未来智库 > 人工智能论文 > 人工智能莫扎特:机器与艺术的火花


发布时间:2018-05-09 10:36:00 文章来源:未来智库    
    Sometime in the coming decades, an external system that collects and analyzes endless streams of biometric data will probably be able to understand what’s going on in my body and in my brain much better than me. Such a system will transform politics and economics by allowing governments and corporations to predict and manipulate human desires. What will it do to art? Will art remain humanity’s last line of defense against the rise of the all-knowing algorithms?1
    In the modern world art is usually associated with human emotions. We tend to think that artists are channeling internal psychological forces, and that the whole purpose of art is to connect us with our emotions or to inspire in us some new feeling. Consequently, when we come to evaluate art, we tend to judge it by its emotional impact and to believe that beauty is in the eye of the beholder2.
    This view of art developed during the Romantic period in the 19th century, and came to maturity exactly a century ago, when in 1917 Marcel Duchamp purchased an ordinary mass-produced urinal, declared it a work of art, named it “Fountain,”3 signed it, and submitted it to an art exhibition. In countless classrooms across the world, first-year art students are shown an image of Duchamp’s“Fountain,” and at a sign from the teacher all hell breaks loose4. It is art! No it isn’t! Yes it is! No way!
    After letting the students release some steam, the teacher focuses the discussion by asking “What exactly is art? And how do we determine whether something is a work of art or not?” After a few more minutes of back and forth the teacher steers the class in the right direction: “Art is anything people think is art, and beauty is in the eye of the beholder.” If people think that a urinal is a beautiful work of art―then it is.
    In 1952, the composer John Cage5 outdid Duchamp by creating “4’33”.” This piece, originally composed for a piano but today also played by full symphonic orchestras6, consists of 4 minutes and 33 seconds during which no instrument plays anything. The piece encourages the audience to observe their inner experiences in order to examine what music is, what we expect of it, and how music differs from the random noises of everyday life. The message is that it is our own expectations and emotions that define music and that separate art from noise.
         If art is defined by human emotions, what might happen once external algorithms are able to understand and manipulate human emotions better than Shakespeare, Picasso or Lennon?7 After all, emotions are not some mystical phenomenon―they are a biochemical process. Hence, given enough biometric data and enough computing power, it might be possible to hack love, hate, boredom and joy.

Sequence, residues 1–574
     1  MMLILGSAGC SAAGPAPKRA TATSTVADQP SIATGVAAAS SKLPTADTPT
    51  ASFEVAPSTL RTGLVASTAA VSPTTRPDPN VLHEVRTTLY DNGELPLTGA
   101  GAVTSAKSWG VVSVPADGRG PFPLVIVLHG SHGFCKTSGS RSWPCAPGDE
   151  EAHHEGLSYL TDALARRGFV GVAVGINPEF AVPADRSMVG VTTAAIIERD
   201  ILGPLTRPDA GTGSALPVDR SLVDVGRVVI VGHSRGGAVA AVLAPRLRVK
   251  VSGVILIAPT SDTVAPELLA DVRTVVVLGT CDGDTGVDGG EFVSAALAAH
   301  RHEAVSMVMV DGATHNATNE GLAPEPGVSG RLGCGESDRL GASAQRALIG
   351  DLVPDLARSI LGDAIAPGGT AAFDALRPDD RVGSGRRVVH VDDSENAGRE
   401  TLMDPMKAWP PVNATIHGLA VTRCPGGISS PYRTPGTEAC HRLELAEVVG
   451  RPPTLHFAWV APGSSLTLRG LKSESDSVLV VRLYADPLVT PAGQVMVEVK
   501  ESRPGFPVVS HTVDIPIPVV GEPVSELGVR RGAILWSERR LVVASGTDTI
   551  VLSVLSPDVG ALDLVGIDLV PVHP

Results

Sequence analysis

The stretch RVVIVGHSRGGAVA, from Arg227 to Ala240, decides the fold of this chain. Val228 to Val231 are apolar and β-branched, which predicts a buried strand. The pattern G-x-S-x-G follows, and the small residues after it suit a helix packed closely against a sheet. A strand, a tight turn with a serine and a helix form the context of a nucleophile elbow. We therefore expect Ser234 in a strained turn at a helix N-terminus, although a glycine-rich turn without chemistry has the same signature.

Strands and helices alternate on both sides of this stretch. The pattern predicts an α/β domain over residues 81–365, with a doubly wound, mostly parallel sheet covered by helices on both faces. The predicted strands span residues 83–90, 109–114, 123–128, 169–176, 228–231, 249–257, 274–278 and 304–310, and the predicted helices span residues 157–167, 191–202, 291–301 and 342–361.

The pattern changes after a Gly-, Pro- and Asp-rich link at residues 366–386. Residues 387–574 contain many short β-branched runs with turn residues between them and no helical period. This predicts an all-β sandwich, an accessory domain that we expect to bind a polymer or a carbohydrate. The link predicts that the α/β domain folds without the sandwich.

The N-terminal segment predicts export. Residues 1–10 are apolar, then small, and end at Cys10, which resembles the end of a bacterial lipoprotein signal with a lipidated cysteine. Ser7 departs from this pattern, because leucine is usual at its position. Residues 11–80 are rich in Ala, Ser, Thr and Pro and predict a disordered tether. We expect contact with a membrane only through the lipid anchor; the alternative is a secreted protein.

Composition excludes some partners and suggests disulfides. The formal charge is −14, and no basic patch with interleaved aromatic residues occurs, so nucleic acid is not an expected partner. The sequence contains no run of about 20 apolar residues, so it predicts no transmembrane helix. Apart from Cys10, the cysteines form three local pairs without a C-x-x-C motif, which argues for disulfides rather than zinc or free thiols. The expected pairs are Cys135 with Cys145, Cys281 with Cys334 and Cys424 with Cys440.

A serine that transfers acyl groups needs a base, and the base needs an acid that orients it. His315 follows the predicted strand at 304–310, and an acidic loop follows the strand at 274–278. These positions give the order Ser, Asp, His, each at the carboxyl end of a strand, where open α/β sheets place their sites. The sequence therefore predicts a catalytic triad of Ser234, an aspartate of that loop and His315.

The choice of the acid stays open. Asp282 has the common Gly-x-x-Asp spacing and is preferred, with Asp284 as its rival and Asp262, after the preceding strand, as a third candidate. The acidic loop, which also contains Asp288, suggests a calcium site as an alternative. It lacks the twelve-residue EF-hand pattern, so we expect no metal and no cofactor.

In the not-too-distant future, a machine-learning8 algorithm could analyze the biometric data streaming from sensors on and inside your body, determine your personality type and your changing moods, and calculate the emotional impact that a particular song―or even a particular musical key―is likely to have on you.
    Of all forms of art, music is probably the most susceptible to Big Data9 analysis, because both inputs and outputs lend themselves to mathematical depiction. The inputs are the mathematical patterns of soundwaves, and the outputs are the electrochemical patterns of neural storms. Allow a learning machine to go over millions of musical experiences, and it will learn how particular inputs result in particular outputs.
    The idea of computers composing music is hardly new. David Cope, a musicology professor at the University of California in Santa Cruz, created a computer program called EMI (Experiments in Musical Intelligence), which specialized in imitating the style of Johann Sebastian Bach.10 In a public showdown at the University of Oregon, an audience of university students and professors listened to three pieces―one a genuine Bach, another produced by EMI and a third composed by a local musicology professor, Steve Larson. The audience was then asked to vote on who composed which piece. The result? The audience thought that EMI’s piece was genuine Bach, that Bach’s piece was composed by Larson, and that Larson’s piece was produced by a computer.
    Hence in the long run, algorithms may learn how to compose entire tunes, playing on11 human emotions as if they were a piano keyboard. Using your personal biometric data the algorithms could even produce personalized melodies, which you alone in the entire world would appreciate.
    It is often said that people connect with art because they find themselves in it. If art is really about inspiring(or manipulating) human emotions, few if any human musicians will have a chance of competing with such an algorithm, because they cannot match it in understanding the chief instrument they are playing on: the human biochemical system.
         Will this result in great art? That depends on the definition of art. If beauty is indeed in the ears of the listener, then biometric algorithms stand a chance of producing the best art in history. If art is about something deeper than human emotions, and should express a truth beyond our biochemical vibrations, biometric algorithms might not make very good artists. But nor would most humans. In order to enter the art market, algorithms won’t have to begin by straight away surpassing Beethoven. It is enough if they outperform Justin Bieber12.